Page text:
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Trump embraces Putin’s sympathetic comments to claim he is being politically persecuted

Former President Donald Trump pointed to sympathetic comments from Russian President Vladimir Putin Wednesday morning in an attempt to bolster his argument that he was being treated unfairly by U.S. prosecutors.

Trump, who faces 91 counts in four separate criminal cases and has accused prosecutors of targeting him to hinder his political future, posted on his social media platform shortly after midnight that Putin was essentially agree with him. Trump leads a wide field of candidates for the Republican nomination in the 2024 presidential election.

Putin, who has a history of persecuting his political opponents, claimed Tuesday that the criminal prosecution of Trump was part of “the persecution of a political rival for political reasons.” He predicted that the prosecution of Trump would diminish America’s global standing, to the benefit of Russia.

“Regarding the prosecution of Trump, for us what is happening in the current conditions is in my opinion a good thing because it shows the rottenness of the American political system, which cannot claim to teach democracy to others,” Putin said at an economic forum in Moscow. eastern Russia.

These comments reflect the largely warm relations between the two leaders during Trump’s presidency, which included a summit in 2018 during which Trump refused to support the collective conclusion of U.S. intelligence agencies that Russia had intervened in the 2016 US presidential election.

Trump has continued to assert that he and Putin are on good terms, despite Putin’s isolation by the West over his invasion of Ukraine – which Trump once called “genius” and “common sense” .

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Trump’s main Republican rivals were quick to seize on Putin’s latest remarks. In a statement, former Vice President Mike Pence said Putin’s opinion had no value in the United States.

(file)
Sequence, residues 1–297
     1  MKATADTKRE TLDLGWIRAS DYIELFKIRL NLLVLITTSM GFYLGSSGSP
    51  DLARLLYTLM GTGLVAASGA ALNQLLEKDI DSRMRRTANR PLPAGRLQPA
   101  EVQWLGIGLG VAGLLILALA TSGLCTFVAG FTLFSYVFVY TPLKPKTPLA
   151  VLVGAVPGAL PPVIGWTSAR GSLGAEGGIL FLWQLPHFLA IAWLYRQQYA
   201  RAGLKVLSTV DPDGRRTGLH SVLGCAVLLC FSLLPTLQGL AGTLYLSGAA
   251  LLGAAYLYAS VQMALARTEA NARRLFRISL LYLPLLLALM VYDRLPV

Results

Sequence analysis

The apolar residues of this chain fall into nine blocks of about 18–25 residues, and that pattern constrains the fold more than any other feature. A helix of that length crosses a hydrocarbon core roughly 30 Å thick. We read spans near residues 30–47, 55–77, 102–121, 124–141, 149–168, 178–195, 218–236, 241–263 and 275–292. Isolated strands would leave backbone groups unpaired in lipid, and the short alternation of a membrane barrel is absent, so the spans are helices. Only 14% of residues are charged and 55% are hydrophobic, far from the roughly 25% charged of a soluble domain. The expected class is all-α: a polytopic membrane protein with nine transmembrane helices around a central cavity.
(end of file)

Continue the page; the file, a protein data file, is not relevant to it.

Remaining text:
“America’s founding principles will always stand the test of time,” Pence said. “Putin should be more concerned about how quickly his army went from being the world’s second largest to Ukraine’s. »

Former New Jersey Gov. Chris Christie, one of Trump’s harshest GOP critics, called Putin a “brutal, murderous KGB hitman” and said Trump needs new models.

“Be clear. Trump is being charged because of his conduct. He played with fire and got burned. And now his best friend is standing up for him,” Christie wrote on social media. job. “If you are on the same side as Putin, you may want to rethink your position. »

Former Arkansas Gov. Asa Hutchinson, also a longtime Trump critic, noted that Trump and Putin use the same arguments and said Trump’s actions “comfort our enemies.” Former Wyoming Rep. Liz Cheney (R), who has not ruled out a presidential run if it prevents Trump from serving a second term, also lambasted Putin and pro-Trump Republicans.

“Putin has now officially endorsed the Putin wing of the Republican Party,” Cheney wrote. “Putin’s Republicans and those who support them will end up in the ashes of history. Patriotic Americans of both parties who believe in the values ​​of liberal democracy will see to it.”

In Russia, Putin and his allies have suppressed all dissent, most recently against those who protested that country’s invasion of Ukraine.

Russian opposition leader Alexei Navalny was convicted last month of “extremism” and sentenced to 19 years in a special regime penal colony, on top of an existing 11-year sentence. The special regime penal colony, the harshest in the Russian penal system, keeps prisoners in cells with lights constantly on, forbidden from speaking, and Navalny will not be allowed to receive family visits or letters for 10 years .

Russian-British human rights activist Vladimir Kara-Murza, a Washington Post contributor, was sentenced in April to 25 years in prison on treason and other charges for criticizing Russia’s war against Ukraine.

“This is the price of speaking out in Russia today,” Kara-Murza said in her final statement to the court.

In the United States, Russia’s invasion of Ukraine has divided Republican lawmakers over whether Washington should continue supporting Ukraine’s defense efforts. Trump and some congressional Republicans have called for ending or slowing aid to Ukraine, while others, including Senate Minority Leader Mitch McConnell (R-Ky.), have strongly supported Ukraine .

Shortly after making his comments in eastern Russia, Putin met with North Korean leader Kim Jong Un, another autocrat widely shunned by the world community. Trump praised the North Korean dictator during his presidency, noting that Kim wrote him “beautiful letters.”

Putin and Kim visited a Russian spaceport, the Vostochny Cosmodrome, and affirmed their commitment to strengthening ties. Kim also expressed full support for Russia as it faces sanctions and isolation over its invasion of Ukraine.

“I hope we will always be united in the fight against imperialism,” Kim said.

Robyn Dixon and Marianne LeVine contributed to this report.


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